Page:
Do the armed forces have military doctrine addressing corruption as a strategic issue on operations?
51a. Military doctrine
Niger score: 0/100
The country does not consider corruption a strategic issue for operations.
The armed forces may be aware of corruption as a strategic issue for operations, but there is no explicit doctrine on this subject.
The country has a military doctrine addressing corruption issues for peace and conflict, which briefly addresses how to mitigate this challenge, but there is little emphasis on the practicalities of implementation.
The country has a comprehensive and detailed military doctrine addressing corruption issues for peace and conflict operations, including the recognition that deployments can exacerbate corruption risks. However, the doctrine may not address risks at all levels or may not provide detailed and practical guidance for implementation.
The country has a comprehensive and detailed military doctrine addressing corruption issues for peace and conflict operations at strategic, operational and tactical levels. The doctrine recognises that international actors can contribute to increasing corruption risks and offers guidance on mitigating these risks. Issues addressed by the doctrine include support for political actors, contracting, interaction with local population, partnering with local forces, and security sector reform in operational contexts. The doctrine also details the practicalities of implementation.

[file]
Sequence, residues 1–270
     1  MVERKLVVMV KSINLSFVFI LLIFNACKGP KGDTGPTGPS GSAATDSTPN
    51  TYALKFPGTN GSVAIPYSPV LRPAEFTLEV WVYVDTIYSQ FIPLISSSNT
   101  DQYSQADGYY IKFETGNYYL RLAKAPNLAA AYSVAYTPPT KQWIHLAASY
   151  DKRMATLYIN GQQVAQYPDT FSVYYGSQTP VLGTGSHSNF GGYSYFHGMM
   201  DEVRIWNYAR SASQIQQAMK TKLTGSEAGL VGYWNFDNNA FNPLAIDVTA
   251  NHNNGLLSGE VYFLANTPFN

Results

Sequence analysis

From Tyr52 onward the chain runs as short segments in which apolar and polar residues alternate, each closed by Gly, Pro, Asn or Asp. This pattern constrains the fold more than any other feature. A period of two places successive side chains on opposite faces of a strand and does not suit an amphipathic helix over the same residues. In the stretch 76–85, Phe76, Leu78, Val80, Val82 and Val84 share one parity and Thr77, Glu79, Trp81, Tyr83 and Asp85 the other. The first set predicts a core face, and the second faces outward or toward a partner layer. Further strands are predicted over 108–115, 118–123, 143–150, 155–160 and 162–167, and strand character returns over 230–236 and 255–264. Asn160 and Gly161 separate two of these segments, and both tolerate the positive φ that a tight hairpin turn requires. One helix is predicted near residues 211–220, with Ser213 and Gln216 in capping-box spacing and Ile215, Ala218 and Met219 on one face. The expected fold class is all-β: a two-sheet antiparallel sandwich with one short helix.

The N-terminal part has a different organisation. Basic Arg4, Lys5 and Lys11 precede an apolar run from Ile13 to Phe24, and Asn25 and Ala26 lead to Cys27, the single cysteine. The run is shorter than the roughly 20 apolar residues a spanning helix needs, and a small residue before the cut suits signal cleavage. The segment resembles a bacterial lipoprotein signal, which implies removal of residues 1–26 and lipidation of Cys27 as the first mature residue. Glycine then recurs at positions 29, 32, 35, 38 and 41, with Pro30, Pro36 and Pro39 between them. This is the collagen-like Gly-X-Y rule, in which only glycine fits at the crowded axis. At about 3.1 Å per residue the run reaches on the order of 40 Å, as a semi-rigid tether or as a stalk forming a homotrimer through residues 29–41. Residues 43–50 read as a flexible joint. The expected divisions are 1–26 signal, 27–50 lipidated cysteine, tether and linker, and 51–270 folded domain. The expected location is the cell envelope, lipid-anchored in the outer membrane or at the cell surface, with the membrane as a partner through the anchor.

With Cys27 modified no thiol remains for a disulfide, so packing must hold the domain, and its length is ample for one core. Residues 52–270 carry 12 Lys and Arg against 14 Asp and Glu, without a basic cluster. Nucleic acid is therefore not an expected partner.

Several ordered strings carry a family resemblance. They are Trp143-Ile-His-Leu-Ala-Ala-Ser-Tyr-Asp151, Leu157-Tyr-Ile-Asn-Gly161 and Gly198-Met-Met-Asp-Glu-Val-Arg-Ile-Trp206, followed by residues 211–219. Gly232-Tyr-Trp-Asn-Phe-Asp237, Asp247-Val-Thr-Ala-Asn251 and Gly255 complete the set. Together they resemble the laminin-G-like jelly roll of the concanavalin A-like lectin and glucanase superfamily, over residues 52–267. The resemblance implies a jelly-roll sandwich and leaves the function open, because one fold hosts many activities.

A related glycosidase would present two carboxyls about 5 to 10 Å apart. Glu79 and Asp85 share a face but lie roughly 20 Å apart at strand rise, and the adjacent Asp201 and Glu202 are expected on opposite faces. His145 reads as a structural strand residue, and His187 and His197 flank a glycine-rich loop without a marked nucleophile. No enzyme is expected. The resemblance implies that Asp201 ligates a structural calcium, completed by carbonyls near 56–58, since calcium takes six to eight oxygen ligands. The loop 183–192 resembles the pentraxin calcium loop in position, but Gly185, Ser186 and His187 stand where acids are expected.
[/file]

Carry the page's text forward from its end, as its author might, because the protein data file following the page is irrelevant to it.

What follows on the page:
Niger has no military doctrine that considers corruption a strategic issue for operations. Corruption in the defence sector is not addressed regularly; instead, some ad hoc measures are taken. The 2003 Military Penal Code addresses corruption in article 228 which states that officers found guilty of corruption, theft or general crime can be dismissed, demoted or imprisoned. The Code provides for a judiciary Military Police that report to the Ministry of Defence (article 46). The Military Police are responsible for investigating all infractions of the law (article 47) at all levels of the Armed Forces (article 48) (1).
Generally, the Armed Forces do not see corruption as a strategic issue; but, this is not always the case. For instance, some joint operations conducted by IGA and IGSS are kept a secret until the last moment to avoid leakage of information and to preserve the confidentiality of the planned audit. (2).
1. “Loi n° 2003-25 du 13 juin 2003 modifiant la loi n° 61-27 du 15 juillet 1961, portant institution du Code penal,” (Law no.2003-25 of 13th June 2003 amending Act no.61-27 of 15th July 1961 setting out the Military Penal Code), Journal Officiel spécial n° 4, 7 April 2004.
2. Interview with senior Ministry of Interior official, May 29, 2018.
Niger score: NA/100
No aspect of the doctrine is made publicly available.
Some aspects of the doctrine are made publicly available, but not all of them.
The doctrine is made publicly available.
There is no explicit military doctrine that would address corruption as a strategic issue for operations. Therefore, this indicator has been marked Not Applicable.
Compare scores by country
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|Country||51a. Military doctrine||51b. Transparency|
|Algeria||0 / 100||NA|
|Angola||0 / 100||NA|
|Burkina Faso||25 / 100||NA|
|Cameroon||0 / 100||NA|
|Cote d'Ivoire||0 / 100||NA|
|Egypt||0 / 100||NA|
|Ghana||25 / 100||NA|
|Jordan||0 / 100||NA|
|Kuwait||25 / 100||NA|
|Lebanon||25 / 100||NA|
|Mali||0 / 100||NA|
|Morocco||0 / 100||NA|
|Niger||0 / 100||NA|
|Nigeria||25 / 100||NA|
|Oman||0 / 100||NA|
|Palestine||0 / 100||NA|
|Qatar||0 / 100||NA|
|Saudi Arabia||25 / 100||NA|
|Tunisia||0 / 100||NA|
|United Arab Emirates||0 / 100||NA|